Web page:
John Saylor's
Shingitai Jujitsu Association

One of America's leading authorities on jujitsu,
grappling, judo and self-defense








Physical Training
By John Saylor

The Foundation for Combatives and Self-Defense

Most martial artists who compete in jujitsu, judo, submission grappling, MMA or some other combative sport are doing some type of physical training outside the dojo. Not doing so would pretty much guarantee humiliation and losses to better prepared fighters.

Whether or not it’s a complete, systematic program designed to eliminate all weaknesses and bring them to a peak at the most important contests of the year, is another matter. But at least they’re doing something. From my observations, the same cannot be said of most self-defense oriented martial artists.

When I was a boy coming up in judo I watched self-defense practitioners, usually a couple fat older guys off in the corner, practicing some kata or one-step sparring. My fellow training partners and I viewed the self-defense people as second-stringers—as those who couldn’t cut it in competitive fighting. Remember, these perceptions were those of a young teenage boy who had barely been outside his own backyard, but 40 years or so later I’m convinced that most often this is still the case. There are many exceptions of course, and I’ll tell you about a few of them in a bit.

Are the self-defense martial artists inferior genetically, or what? I don’t think so, but I believe they are often lacking in their commitment to a complete fitness program. How odd. If you think about it, what could be more physically demanding than an all-out street assault? After all, this is the event self-defense martial artists are training for. In a street assault so much favors the attacker(s). The bad guy determines when and where he will attack. It may be dark. There may be multiple attackers. They are probably armed, and if you see it coming you’re one of the lucky ones. And if all this isn’t bad enough, you can bet your sweet butt you’re not going to have time to do a nice warm-up prior to the attack. If ever anybody needs to be in top fighting shape it’s the man or woman training for self-defense.


Elite Military Units

Do you know what the world’s top sport fighters and all elite military teams have in common? World-class conditioning!

I was surprised to learn that Russian Spetsnatz (Special Forces) soldiers were required to do general physical training at the same sports institutes which were training Olympic and World-class athletes. The Russians obviously realized that superior fitness was the foundation for elite military operatives as well as elite athletes.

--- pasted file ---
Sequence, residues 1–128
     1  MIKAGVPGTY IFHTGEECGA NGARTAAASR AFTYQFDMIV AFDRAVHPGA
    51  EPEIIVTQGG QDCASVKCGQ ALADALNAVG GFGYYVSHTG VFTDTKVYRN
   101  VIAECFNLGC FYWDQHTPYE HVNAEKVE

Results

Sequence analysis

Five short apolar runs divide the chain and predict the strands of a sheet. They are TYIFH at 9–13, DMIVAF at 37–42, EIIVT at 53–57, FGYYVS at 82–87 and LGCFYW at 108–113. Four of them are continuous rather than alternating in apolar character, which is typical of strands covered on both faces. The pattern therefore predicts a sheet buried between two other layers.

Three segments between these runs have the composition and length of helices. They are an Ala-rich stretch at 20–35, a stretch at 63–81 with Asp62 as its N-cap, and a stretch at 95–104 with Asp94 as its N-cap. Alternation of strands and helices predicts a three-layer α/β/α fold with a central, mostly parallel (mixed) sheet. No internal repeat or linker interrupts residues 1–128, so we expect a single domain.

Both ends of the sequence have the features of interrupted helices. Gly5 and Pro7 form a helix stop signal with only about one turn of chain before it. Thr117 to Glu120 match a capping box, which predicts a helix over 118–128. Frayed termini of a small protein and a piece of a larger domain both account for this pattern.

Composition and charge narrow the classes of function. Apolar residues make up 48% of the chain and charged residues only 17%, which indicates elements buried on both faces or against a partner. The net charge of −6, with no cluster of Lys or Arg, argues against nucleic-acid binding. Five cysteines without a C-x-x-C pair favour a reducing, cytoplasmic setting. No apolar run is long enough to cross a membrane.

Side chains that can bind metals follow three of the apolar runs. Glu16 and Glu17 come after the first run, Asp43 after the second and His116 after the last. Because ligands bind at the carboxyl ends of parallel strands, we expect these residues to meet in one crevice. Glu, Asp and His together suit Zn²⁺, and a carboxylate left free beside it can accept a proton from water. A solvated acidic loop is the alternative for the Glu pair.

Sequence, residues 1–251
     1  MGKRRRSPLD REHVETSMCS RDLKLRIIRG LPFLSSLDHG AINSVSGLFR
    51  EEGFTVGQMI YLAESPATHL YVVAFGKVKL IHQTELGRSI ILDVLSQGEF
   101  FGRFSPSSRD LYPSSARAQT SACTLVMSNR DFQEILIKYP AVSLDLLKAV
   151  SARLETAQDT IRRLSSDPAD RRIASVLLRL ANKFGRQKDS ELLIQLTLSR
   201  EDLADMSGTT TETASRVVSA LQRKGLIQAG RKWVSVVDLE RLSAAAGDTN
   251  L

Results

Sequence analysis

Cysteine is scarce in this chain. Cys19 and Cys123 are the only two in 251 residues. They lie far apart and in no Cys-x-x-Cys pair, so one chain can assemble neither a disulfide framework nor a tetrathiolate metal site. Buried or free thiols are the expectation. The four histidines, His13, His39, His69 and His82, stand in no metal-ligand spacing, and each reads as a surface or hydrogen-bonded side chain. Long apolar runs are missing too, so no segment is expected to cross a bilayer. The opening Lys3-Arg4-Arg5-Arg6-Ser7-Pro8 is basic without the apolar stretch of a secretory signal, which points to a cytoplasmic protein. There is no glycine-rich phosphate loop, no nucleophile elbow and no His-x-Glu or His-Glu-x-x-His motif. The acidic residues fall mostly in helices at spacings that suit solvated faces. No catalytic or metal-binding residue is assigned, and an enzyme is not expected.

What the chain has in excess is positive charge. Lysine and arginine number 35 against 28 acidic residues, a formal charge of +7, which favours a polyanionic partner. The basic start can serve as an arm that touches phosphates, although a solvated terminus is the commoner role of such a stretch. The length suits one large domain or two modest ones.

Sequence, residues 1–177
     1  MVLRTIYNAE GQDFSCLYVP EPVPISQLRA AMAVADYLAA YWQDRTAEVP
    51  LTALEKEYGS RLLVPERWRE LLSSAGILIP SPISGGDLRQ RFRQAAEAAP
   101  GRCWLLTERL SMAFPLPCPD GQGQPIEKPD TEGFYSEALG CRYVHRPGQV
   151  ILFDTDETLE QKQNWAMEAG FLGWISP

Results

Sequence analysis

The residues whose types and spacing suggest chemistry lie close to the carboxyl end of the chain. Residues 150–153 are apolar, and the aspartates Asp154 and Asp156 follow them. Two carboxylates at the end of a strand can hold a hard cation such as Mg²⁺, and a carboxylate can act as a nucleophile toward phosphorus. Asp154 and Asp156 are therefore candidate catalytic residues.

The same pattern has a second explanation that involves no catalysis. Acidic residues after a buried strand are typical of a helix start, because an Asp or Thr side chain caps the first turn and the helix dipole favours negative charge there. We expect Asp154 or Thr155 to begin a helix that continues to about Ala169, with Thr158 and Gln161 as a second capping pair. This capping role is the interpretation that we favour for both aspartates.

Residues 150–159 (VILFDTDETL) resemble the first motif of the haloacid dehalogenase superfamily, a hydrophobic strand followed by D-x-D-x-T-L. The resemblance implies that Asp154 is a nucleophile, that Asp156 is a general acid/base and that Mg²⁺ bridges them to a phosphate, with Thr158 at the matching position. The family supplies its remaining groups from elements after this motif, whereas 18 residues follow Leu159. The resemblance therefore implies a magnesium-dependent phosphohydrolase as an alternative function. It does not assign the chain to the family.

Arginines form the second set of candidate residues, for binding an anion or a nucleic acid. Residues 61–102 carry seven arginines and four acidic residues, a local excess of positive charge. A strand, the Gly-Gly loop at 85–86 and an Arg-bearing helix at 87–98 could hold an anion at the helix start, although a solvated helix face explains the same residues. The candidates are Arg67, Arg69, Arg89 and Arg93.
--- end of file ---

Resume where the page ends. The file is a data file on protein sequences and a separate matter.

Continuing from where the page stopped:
From my own training with former Spetsnaz operative and instructor, Vladimir Vasiliev, I can testify that these elite soldiers train hard physically with a wide variety of unique methods, and are in tremendous fighting shape.

Navy SEALS, Army Rangers, Marine Recon, and members of other special operations units are endurance athletes of the highest level. The difference, though, is that when they go through their running, calisthenics and obstacle courses, they don’t usually have the advantage of $250 running shoes, nice sweats, or a perfect running surface. They often run in combat boots over rough, uneven, and sometimes muddy terrain. Or they go on long, drawn-out marches carrying a 60 lb ruck sack or even their buddy who simulates a wounded man.

These elite soldiers have to perform in all kinds of weather, at odd hours, and often under the worst of circumstances. This may be why so many former star athletes, not accustomed to the same discomforts, have washed-out of Special Forces training.

These elite Special Forces soldiers have fitness levels comparable to elite athletes in endurance-based sports and clearly understand the connection between fighting and fitness.


Lower-Than-Whale Crap-Fitness Levels

In contrast to these elite military personnel are many police officers, and of course, most self-defense oriented martial artists. I’ve never understood why so many police officers who often go into harm’s way are in such poor condition. Many may place too much trust in their sidearm, although most don’t fire enough rounds in realistic conditions to be proficient in its use. Most are on a steady crime-fighting diet of coffee and doughnuts, and do little if any exercise.

Self-defense oriented martial artists aren’t much better. They place so much faith in their “deadly techniques” that they often neglect physical training.


The Solution